Thursday, April 08, 2010

When Does It Become a Crime?

The Upper Big Branch mine had over 1,300 safety citations from mine inspectors in the few years leading up to last week's catastrophe that left at least 25 miners dead. No matter what the Supreme Court says, companies aren't people; they're legal fictions intended to allow the institution to enter into contracts and own property and assets.

Massey Energy didn't violate mine safety standards: people working under the auspices of Massey Energy did. For every violation cited, at least one person was responsible for its creation, or at least for not taking proper care of it. The company's repeated fines are accepted as part of the cost of doing business.

I want the responsible individuals--not only those who made the decisions, but also those who implemented them--held responsible. At the very least, the shareholders who approve of these actions through their silence should require management to answer for this, but I cannot fathom why criminal charges aren't forthcoming, or weren't brought earlier, before the accident. (At what point does gross negligence of safety standards force us not to call such an incident an accident?)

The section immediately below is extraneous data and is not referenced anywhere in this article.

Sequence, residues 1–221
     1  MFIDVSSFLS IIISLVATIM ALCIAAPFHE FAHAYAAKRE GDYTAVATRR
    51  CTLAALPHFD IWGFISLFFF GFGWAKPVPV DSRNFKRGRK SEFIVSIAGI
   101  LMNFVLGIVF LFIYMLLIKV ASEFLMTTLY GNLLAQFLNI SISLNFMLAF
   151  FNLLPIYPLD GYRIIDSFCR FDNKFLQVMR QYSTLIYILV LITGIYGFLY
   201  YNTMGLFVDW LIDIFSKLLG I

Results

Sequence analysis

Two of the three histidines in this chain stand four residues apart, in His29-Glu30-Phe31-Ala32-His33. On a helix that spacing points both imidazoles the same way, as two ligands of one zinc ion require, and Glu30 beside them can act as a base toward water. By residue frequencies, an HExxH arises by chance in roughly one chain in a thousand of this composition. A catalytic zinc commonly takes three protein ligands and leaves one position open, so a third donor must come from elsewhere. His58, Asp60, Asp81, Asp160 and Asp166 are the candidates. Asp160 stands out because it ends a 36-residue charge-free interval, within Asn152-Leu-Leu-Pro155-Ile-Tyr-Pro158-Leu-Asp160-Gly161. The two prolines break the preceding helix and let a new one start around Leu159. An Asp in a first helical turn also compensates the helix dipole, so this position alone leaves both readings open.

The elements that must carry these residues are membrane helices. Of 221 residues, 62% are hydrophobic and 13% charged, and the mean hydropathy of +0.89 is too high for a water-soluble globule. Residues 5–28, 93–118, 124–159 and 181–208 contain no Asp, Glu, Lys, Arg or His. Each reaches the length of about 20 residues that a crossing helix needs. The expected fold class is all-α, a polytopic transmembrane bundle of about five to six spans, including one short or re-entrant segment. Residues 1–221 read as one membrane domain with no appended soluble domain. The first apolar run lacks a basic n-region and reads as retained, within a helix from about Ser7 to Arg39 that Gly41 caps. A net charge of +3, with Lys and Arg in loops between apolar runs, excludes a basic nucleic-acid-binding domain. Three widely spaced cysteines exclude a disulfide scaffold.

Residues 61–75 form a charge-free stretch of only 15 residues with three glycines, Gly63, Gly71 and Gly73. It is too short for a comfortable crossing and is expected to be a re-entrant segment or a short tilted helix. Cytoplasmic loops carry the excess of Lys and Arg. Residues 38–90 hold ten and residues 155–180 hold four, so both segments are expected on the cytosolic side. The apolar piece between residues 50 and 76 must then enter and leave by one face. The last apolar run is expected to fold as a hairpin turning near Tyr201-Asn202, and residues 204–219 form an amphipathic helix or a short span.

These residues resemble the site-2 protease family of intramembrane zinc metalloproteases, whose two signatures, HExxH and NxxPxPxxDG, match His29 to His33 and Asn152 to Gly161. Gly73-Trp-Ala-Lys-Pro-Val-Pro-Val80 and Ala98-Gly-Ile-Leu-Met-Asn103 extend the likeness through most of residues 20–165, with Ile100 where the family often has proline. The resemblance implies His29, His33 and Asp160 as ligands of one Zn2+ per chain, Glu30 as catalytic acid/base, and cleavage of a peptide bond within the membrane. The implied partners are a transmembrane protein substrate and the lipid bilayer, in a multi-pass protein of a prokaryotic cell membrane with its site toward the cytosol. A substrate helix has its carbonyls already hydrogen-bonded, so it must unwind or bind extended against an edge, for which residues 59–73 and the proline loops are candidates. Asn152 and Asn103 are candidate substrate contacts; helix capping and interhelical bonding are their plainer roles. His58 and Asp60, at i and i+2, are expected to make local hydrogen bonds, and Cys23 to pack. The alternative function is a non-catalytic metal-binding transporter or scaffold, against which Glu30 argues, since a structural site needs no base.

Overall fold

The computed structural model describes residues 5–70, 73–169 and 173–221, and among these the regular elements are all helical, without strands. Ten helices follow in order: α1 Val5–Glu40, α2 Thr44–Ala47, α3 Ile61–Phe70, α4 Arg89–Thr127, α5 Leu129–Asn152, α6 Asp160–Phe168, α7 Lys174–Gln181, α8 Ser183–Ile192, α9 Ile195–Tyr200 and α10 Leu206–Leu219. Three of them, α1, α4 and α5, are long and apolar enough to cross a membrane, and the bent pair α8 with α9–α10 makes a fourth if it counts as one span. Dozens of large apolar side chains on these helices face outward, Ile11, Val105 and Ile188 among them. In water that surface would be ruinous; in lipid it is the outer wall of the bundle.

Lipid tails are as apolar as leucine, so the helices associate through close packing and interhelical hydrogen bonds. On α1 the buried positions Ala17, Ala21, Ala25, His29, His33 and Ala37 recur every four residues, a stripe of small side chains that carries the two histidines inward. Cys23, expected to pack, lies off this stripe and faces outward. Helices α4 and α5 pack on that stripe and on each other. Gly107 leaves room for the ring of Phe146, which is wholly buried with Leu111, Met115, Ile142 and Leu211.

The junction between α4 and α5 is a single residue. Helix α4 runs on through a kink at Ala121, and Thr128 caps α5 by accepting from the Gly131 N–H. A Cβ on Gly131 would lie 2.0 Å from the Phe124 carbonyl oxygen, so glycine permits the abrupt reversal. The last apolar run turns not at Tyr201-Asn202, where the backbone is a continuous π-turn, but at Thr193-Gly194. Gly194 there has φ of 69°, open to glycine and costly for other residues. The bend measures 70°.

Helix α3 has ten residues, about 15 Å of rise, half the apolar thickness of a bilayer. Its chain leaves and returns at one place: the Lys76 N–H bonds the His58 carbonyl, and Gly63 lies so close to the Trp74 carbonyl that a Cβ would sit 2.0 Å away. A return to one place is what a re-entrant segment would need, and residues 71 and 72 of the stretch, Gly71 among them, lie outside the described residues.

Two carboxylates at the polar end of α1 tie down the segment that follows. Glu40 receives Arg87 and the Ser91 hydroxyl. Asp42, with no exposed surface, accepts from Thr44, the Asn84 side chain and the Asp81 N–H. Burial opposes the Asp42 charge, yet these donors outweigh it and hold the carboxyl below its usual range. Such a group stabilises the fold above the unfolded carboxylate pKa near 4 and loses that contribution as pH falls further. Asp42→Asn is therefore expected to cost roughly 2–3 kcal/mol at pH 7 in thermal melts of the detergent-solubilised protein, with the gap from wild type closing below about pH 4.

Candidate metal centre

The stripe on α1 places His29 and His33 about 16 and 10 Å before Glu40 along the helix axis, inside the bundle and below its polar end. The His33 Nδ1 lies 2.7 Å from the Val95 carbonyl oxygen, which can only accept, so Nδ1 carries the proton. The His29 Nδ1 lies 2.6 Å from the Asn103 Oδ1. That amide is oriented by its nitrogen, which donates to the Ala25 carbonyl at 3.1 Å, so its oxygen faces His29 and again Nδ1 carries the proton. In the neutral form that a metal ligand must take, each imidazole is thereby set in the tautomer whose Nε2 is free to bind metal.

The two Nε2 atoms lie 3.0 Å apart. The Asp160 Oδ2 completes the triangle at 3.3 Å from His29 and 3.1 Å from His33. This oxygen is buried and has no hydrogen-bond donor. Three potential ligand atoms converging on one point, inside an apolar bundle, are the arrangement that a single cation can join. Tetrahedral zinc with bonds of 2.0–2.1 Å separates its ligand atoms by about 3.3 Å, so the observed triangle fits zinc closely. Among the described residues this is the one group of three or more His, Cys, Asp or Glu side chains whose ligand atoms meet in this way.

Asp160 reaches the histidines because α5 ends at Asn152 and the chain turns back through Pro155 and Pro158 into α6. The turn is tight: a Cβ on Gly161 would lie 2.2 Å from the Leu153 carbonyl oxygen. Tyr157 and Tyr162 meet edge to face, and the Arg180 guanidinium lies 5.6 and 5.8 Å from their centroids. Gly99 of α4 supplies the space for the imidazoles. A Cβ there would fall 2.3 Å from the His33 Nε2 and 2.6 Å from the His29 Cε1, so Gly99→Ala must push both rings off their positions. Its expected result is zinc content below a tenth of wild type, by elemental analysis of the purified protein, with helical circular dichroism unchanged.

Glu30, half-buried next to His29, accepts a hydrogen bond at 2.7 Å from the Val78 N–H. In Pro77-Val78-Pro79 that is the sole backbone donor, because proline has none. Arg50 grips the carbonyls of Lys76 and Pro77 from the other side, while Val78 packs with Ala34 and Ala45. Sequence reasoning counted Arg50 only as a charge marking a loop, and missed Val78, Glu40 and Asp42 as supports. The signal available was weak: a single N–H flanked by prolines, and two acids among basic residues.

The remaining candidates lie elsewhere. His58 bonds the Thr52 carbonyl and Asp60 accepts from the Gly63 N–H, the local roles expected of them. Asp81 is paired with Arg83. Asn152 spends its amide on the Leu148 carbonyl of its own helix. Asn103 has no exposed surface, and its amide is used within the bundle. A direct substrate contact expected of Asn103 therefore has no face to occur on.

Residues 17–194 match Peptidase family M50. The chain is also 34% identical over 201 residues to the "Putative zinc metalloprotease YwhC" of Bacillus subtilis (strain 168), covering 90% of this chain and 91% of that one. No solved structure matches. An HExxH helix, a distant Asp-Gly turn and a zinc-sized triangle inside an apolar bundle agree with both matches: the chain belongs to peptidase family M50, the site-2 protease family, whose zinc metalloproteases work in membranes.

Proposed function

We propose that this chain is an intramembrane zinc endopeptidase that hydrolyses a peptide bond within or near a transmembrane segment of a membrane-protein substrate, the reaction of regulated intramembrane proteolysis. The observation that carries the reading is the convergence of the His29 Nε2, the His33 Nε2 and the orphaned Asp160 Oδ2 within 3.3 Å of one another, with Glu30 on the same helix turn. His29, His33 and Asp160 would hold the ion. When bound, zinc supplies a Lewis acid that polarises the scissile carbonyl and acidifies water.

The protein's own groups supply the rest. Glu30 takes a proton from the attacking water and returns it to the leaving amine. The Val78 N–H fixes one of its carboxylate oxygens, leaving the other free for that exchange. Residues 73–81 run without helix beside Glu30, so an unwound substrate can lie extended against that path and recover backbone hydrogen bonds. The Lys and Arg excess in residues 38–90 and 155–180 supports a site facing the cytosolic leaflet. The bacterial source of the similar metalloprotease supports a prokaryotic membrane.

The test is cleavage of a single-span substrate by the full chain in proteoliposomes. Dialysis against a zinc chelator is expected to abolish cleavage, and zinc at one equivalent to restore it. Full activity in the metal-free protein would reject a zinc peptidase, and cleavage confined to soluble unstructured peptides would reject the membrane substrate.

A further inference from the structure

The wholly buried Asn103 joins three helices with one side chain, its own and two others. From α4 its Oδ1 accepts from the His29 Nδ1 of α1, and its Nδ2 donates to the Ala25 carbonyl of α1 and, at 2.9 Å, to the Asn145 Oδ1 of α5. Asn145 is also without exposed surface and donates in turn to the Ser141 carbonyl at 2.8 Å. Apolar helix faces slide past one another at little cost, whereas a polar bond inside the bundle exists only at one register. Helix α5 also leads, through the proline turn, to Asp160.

One more thing. For anyone who wonders why we need unions, this is why.

1 comment:

Charlieopera said...


I like that Obama is having this investigated. I just hope it isn't more grandstanding (like repealing don't ask/don't tell and bank regulations) ... more talk for the sake of temporary polling.

This is why we need unions and although we may find out some union officials "may be" complicit in letting their members into that mine, it doesn't mean unions should go, it means those guilty of looking the other way (on both sides of the issue) need to be thrown off a fucking skyscraper.

And if that's too radical, buried alive.